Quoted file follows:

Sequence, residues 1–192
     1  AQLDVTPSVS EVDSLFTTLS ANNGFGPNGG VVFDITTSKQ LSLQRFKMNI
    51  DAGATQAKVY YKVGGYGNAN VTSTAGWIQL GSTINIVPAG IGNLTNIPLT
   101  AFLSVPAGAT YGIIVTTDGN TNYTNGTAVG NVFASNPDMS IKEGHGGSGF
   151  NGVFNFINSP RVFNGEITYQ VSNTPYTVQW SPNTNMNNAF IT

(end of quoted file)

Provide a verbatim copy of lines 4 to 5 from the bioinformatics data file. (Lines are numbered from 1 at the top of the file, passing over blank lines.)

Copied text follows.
   101  AFLSVPAGAT YGIIVTTDGN TNYTNGTAVG NVFASNPDMS IKEGHGGSGF
   151  NGVFNFINSP RVFNGEITYQ VSNTPYTVQW SPNTNMNNAF IT